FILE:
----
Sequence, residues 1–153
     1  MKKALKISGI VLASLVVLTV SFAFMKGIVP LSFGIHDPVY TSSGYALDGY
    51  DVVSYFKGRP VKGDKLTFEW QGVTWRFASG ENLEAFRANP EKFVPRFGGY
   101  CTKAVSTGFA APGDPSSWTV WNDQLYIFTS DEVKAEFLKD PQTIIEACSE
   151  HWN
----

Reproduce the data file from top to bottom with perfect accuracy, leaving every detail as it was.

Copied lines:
Sequence, residues 1–153
     1  MKKALKISGI VLASLVVLTV SFAFMKGIVP LSFGIHDPVY TSSGYALDGY
    51  DVVSYFKGRP VKGDKLTFEW QGVTWRFASG ENLEAFRANP EKFVPRFGGY
   101  CTKAVSTGFA APGDPSSWTV WNDQLYIFTS DEVKAEFLKD PQTIIEACSE
   151  HWN